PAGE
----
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As Libya’s crisis escalates, men are on trial in Sudan for supplying recruits to Haftar

Two Sudanese men are on trial for attempting to send some 1,000 young men to fight for Libyan General Khalifa Haftar, the Sudanese newspaper Attention has reported. One of the men who appeared at the Darfur Grand Court of Justice reportedly belongs to a prominent tribe in the country. A date has been set for the trial to continue.

The case initially arose in February when the Sudanese authorities arrested a group of smugglers and found them to have signed an agreement with a Libyan tribe loyal to Haftar. Under the deal, the general’s forces would train and arm the foreign fighters, while the Sudanese counterparts would receive money in Libyan currency for the men they transferred.

This is not the first time that Haftar has apparently had help from foreign militants; in February a video emerged showing what looked like Egyptian soldiers desecrating corpses of fighters from the Derna Protection Force (DPF) under the wreckage of a building apparently hit by air strikes. Whilst it is not known for certain if those soldiers were Egyptians or a group of mercenaries, Haftar’s Libyan National Army is known to have hired rebels from Chad to help consolidate his control over the country.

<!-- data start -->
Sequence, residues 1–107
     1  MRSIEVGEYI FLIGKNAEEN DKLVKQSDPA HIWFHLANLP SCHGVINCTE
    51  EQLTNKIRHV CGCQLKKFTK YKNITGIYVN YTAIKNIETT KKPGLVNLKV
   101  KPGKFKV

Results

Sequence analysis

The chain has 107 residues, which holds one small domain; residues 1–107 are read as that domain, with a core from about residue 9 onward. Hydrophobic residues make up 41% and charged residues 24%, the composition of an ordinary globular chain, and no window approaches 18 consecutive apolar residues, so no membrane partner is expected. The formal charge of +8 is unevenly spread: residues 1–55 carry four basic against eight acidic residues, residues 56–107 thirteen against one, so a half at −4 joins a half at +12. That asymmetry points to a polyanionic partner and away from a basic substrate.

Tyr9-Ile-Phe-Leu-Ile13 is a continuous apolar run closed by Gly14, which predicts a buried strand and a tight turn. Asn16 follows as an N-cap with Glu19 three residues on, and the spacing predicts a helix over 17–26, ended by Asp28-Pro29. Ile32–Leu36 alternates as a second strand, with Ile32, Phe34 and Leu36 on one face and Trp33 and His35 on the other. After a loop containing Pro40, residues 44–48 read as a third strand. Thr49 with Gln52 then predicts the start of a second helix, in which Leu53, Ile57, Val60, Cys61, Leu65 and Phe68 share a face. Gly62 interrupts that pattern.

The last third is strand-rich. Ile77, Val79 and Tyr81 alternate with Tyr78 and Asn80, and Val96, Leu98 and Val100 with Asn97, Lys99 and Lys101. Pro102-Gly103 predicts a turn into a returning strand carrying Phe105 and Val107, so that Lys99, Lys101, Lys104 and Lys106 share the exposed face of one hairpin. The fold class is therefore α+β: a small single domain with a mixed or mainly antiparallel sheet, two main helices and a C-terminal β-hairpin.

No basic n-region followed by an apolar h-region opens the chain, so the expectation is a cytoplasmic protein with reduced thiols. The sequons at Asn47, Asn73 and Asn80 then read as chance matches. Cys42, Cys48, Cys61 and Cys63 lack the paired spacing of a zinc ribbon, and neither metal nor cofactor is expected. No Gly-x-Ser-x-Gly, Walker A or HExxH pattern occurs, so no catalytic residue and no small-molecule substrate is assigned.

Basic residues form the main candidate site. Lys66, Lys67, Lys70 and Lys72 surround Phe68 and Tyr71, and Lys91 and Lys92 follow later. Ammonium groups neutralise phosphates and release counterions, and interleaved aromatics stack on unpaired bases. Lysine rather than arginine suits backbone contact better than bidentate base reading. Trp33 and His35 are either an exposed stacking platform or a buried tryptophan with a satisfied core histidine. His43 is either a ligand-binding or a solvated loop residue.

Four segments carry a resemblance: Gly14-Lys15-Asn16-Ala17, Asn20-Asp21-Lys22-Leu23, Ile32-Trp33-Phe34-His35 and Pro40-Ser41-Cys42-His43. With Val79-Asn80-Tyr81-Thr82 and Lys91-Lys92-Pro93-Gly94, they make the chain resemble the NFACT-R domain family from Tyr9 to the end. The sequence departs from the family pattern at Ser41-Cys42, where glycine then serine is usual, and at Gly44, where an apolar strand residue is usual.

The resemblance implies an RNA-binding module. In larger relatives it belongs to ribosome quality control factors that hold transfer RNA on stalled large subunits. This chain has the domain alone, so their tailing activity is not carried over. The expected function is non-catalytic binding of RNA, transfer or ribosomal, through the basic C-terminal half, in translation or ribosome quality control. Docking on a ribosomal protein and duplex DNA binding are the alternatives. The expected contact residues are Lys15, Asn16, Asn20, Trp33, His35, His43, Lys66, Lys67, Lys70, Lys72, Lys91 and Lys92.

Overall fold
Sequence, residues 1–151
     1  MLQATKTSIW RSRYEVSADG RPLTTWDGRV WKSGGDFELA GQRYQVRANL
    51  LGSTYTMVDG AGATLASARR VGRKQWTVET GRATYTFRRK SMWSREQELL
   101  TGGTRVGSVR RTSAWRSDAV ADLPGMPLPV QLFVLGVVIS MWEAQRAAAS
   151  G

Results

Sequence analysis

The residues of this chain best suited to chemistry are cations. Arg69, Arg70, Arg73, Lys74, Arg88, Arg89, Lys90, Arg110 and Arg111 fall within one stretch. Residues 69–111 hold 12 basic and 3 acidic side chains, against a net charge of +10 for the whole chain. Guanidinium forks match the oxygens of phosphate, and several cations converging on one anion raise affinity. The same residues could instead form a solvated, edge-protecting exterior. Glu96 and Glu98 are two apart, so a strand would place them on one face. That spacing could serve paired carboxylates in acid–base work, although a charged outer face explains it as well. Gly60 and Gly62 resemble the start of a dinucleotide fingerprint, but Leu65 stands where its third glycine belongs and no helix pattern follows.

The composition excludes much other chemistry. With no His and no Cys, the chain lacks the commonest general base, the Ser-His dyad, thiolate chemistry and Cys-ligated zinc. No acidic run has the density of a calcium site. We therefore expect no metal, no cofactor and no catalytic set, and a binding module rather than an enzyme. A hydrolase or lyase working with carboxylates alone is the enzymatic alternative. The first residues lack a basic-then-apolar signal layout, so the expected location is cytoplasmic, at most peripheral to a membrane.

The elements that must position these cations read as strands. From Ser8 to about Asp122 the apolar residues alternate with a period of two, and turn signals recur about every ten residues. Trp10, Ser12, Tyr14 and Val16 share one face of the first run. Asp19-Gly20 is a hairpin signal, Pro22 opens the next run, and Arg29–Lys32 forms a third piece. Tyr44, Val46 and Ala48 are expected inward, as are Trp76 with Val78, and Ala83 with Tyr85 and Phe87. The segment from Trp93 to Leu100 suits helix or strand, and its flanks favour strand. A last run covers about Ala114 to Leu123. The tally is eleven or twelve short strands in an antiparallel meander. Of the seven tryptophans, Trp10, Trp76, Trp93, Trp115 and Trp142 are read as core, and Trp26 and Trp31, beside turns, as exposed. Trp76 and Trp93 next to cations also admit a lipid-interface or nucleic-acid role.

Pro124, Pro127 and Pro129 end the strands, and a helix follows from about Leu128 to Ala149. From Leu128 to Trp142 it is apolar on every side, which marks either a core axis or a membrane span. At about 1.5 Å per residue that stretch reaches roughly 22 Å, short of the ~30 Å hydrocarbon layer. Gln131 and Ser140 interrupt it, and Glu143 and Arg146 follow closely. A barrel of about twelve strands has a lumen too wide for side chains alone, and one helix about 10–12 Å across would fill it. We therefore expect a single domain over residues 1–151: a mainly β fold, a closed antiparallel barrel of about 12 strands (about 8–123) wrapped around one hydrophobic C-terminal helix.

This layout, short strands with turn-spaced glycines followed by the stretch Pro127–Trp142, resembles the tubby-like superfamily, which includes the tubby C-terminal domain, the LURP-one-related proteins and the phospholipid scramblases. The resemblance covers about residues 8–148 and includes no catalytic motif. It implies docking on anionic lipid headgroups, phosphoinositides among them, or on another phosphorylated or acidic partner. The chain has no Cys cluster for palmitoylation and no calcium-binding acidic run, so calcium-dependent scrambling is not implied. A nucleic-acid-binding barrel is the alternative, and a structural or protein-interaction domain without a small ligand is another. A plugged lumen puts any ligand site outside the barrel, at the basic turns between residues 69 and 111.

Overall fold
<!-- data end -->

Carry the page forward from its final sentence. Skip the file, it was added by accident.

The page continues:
Last week, the general’s Benghazi-based Interim Government announced the start of an assault on regions in the west of the country, including Tripoli, despite warnings from the international community that the attack could plunge Libya even deeper into civil war. The Head of the Presidential Council, Fayez Al-Sarraj, launched Operation Volcano of Rage to repel Haftar’s assault, with the two forces battling for control over Tripoli International Airport.

At least 32 people have been killed and 50 injured since Haftar launched his “Flood of Dignity” campaign last week, according to the latest update issued by the Ministry of Health.

The controversial Libyan general has been backed by Egypt, the UAE, Saudi Arabia and Israel, prompting growing outrage from Tripoli. On Friday, Libyan Brigadier General Mohammad Al-Qunidi, the government’s chief of military intelligence, said that Haftar was attacking the capital with Egyptian, Emirati and Saudi arms.

France has also controversially backed Haftar; on Sunday it was reported that Al-Sarraj had officially asked the French ambassador to Libya to convey his protest to President Emmanuel Macron, stating that the bias contradicted previous efforts to support the country’s political transition. However, earlier today Macron reportedly called Al-Sarraj to deny any connection between Paris and the current Interim Government campaign. The French President condemned the assault, demanding an immediate halt to the fighting.

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